Greenie DeS

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Re: 2021 Corn
« Reply #5 on: 2021-11-24, 03:37:04 PM »
Finally wrote up my extreme northern corn (small) variety trial, figured I'd put it in here. I'd be happy for any other very short, very very cool-tolerant variety recommendations (Gaspe was the only one that really ripened off comfortably here)

Gaspe from Heritage Harvest seeds- this was my second year growing it. In 2020 I tried starting indoors and transplanted, which it didn't like, and spaced it a foot apart, which meant it didn't pollinate. In 2021 I put it on a dry sunny hill crest direct-planted with soaked seed and it went in May 26 and was mature Sept 7. I needed to have watered it more, it dried down to wilt stage several times. It was not complete full sun but it was close, and as warm as it gets. Second year I spaced it 2 seeds per hole in a 6" grid. I think one seed per 6", or maybe one seed per 6x12" space, would be good. I did increase my seed supply at least. Definitely a landrace variability to these plants.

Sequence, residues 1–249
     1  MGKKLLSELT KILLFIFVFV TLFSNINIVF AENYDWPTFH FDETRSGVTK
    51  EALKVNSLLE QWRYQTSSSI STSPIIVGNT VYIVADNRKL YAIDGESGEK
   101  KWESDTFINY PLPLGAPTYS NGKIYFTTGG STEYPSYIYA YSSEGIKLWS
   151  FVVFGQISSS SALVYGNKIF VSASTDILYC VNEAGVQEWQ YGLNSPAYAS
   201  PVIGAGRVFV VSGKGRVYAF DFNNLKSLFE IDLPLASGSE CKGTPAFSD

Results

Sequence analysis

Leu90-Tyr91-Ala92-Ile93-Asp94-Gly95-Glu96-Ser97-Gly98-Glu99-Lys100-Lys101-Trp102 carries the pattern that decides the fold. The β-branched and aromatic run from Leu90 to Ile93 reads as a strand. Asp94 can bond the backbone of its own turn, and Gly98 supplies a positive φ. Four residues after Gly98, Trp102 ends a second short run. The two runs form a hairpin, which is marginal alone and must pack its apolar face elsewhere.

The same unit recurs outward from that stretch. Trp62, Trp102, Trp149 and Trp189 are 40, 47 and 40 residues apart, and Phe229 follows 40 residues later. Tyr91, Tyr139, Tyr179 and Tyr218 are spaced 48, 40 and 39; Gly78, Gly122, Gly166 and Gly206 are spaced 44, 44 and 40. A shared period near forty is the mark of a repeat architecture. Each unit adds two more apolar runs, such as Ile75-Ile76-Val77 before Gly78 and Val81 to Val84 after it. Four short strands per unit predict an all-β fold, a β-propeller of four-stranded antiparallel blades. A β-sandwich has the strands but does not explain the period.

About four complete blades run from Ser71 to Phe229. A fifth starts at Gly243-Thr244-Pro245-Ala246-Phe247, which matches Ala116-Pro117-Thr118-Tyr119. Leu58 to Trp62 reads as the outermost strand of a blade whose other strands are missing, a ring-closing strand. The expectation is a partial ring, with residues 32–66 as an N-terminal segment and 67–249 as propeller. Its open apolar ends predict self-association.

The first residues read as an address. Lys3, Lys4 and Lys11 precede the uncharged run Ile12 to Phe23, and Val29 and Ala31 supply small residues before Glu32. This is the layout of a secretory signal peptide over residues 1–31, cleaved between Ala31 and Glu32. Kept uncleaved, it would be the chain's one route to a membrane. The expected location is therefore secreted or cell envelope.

Cascade Ruby-Gold from PR seeds- this was my first year growing it, soaked it like Gaspe and planted it about the same time but it never got more than a foot tall. It was in slight shade and I later realized there were a ton of aspen roots in that bed stealing moisture, could use a second try I guess. I'm hoping it has cool-weather resistance.

Mandan parching lavender from adaptive seeds - this was a very short plant that started out promising: early vegetative growth, lots of tillering. It was slower to tassel and never ripened even into milk stage though. It did get a touch of shade but it was right next to starburst mana and there was a distinct difference in ripeness. Not to grow again. Again presoaked. The plant was so happy, I'm sad about this.